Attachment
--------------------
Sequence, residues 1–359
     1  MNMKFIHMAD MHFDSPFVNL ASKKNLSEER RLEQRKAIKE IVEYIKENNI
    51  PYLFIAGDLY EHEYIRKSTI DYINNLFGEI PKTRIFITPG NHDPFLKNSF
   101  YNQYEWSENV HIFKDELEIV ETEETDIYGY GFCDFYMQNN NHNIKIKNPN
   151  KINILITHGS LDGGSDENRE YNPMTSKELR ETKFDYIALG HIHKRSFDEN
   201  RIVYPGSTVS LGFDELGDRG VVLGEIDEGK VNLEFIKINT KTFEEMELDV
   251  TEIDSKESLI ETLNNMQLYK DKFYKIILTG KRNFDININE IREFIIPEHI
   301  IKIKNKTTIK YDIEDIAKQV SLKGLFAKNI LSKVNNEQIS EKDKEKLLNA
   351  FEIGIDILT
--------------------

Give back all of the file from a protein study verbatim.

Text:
Sequence, residues 1–359
     1  MNMKFIHMAD MHFDSPFVNL ASKKNLSEER RLEQRKAIKE IVEYIKENNI
    51  PYLFIAGDLY EHEYIRKSTI DYINNLFGEI PKTRIFITPG NHDPFLKNSF
   101  YNQYEWSENV HIFKDELEIV ETEETDIYGY GFCDFYMQNN NHNIKIKNPN
   151  KINILITHGS LDGGSDENRE YNPMTSKELR ETKFDYIALG HIHKRSFDEN
   201  RIVYPGSTVS LGFDELGDRG VVLGEIDEGK VNLEFIKINT KTFEEMELDV
   251  TEIDSKESLI ETLNNMQLYK DKFYKIILTG KRNFDININE IREFIIPEHI
   301  IKIKNKTTIK YDIEDIAKQV SLKGLFAKNI LSKVNNEQIS EKDKEKLLNA
   351  FEIGIDILT